Who: The Home Office
Where: England and Wales
When: September 2014
Law stated as at: 7 October 2014
In September 2014, the Home Office published Guidance on Mandatory Licensing Conditions (the “Guidance”) for suppliers of alcohol to accompany the changes being made to these conditions by the Licensing Act 2003 (Mandatory Licensing Conditions) (Amendment) Order 2014 (the “Order”).
The Order came into force on 1 October 2014. It made changes to the six mandatory conditions introduced in 2010, which apply to all premises in England and Wales that are authorised to supply alcohol under a premises licence or club premises certificate.
One of the six conditions is a ban on irresponsible alcohol promotions. Irresponsible alcohol promotions are any activity or offer that encourage customers to drink in a way that could significantly risk breaching the four licensing objectives. These are the prevention of crime and disorder, public safety, the prevention of public nuisance and the protection of children from harm.
“Reasonable measures” changed to “must ensure”
According to the Guidance, the changes being made by the Order will “tighten the existing mandatory licensing conditions”.
In relation to the condition banning irresponsible promotions, this tightening can be seen in the change of wording from the responsible person “shall take all reasonable measures” to “must ensure” that they or their staff do not engage in or arrange irresponsible promotions. This requires a stricter compliance with the ban.
Amongst the stricter obligations on licensees are a requirement to ensure that they do not sell alcohol alongside any promotional material, such as posters on the premises or in the vicinity of the premises, which could be considered to encourage or glamourize antisocial behaviour or display drunkenness favourably. All posters or flyers promoting or publicising an event are included within this condition.
The ban on large quantities of alcohol being given away for free or at a fixed or discounted price under this condition now applies to promotions available to customers who are having a table meal, which was previously excluded from the ban.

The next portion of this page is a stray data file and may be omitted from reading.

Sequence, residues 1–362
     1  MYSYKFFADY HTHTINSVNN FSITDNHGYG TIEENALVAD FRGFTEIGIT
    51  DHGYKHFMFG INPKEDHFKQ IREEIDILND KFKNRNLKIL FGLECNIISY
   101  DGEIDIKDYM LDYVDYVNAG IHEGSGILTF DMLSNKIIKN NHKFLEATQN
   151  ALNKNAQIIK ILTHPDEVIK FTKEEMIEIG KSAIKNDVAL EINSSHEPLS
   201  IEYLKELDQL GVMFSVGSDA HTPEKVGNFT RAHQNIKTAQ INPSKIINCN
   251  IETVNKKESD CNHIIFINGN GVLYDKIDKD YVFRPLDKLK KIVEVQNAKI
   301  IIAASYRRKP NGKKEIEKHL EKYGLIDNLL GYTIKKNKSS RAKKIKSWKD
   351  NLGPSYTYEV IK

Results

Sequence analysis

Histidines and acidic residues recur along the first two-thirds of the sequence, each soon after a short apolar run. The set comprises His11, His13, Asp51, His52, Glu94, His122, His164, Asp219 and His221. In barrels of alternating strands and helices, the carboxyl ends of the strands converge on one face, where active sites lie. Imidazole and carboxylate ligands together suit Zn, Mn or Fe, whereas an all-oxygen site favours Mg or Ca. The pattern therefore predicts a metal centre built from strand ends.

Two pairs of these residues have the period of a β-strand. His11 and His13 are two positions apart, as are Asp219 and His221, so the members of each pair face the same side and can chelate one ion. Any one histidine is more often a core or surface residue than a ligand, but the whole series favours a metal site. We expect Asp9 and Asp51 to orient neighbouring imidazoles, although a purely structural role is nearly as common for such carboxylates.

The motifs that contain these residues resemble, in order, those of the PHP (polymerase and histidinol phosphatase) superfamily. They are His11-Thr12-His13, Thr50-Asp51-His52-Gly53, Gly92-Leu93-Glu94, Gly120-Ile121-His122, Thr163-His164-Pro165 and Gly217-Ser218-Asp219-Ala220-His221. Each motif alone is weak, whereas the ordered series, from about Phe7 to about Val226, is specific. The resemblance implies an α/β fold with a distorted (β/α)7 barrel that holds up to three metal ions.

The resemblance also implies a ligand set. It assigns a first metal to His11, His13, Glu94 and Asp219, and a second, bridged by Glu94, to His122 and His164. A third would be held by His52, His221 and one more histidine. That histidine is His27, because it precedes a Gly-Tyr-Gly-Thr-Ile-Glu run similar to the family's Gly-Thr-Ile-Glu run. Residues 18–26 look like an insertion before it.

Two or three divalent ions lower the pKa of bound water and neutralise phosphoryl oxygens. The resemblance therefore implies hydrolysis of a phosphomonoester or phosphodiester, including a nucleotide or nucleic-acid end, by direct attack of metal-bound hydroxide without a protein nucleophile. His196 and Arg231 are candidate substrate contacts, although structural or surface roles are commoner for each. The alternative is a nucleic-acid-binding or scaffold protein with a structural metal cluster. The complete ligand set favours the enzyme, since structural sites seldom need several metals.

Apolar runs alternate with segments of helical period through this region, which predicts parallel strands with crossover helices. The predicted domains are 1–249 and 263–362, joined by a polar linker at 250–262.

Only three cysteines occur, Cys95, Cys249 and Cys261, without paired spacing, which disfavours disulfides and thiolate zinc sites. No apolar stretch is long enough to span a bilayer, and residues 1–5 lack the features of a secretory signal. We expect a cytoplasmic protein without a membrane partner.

Further, the Guidance clarifies that the previously standalone condition, that alcohol should not be dispensed directly into a customer’s mouth by a member of staff, now comes within the condition banning irresponsible promotions.
Increase in customers as a significant risk to licensing objectives
The Guidance states that the provision of free or discounted alcohol or any other offer such as a prize, to encourage or reward the consumption of alcohol, is banned if this creates a significant risk of undermining a licensing objective.
The Guidance sets out the factors that are taken into account in the assessment of whether a promotion causes such a “significant risk”. The factors include how long a discount applies for, how big the discount is and whether the establishment has a history of handling promotions responsibly. Crucially, one of the factors, according to the Guidance, is whether the promotion is likely to significantly increase the number of customers. This factor seems to be the very purpose of a promotion, and would appear to potentially transform all successful promotions into an irresponsible promotion.
Why this matters:
Failure to comply with the mandatory conditions attached to a licence or club premises certificate is a criminal offence, which on conviction would be punishable by a fine of up to £20,000 or up to six months imprisonment or both.
Therefore, it is important when contemplating a promotion that involves the sale of alcohol from licensed premises, to take into account the conditions imposed in 2010 and their stricter application since the Order came into force this month. In particular, the fact that the Guidance sets out an increase in customers as a factor to be taken into account when assessing whether a promotion of alcohol causes a significant risk should make licensed sellers of alcohol take caution.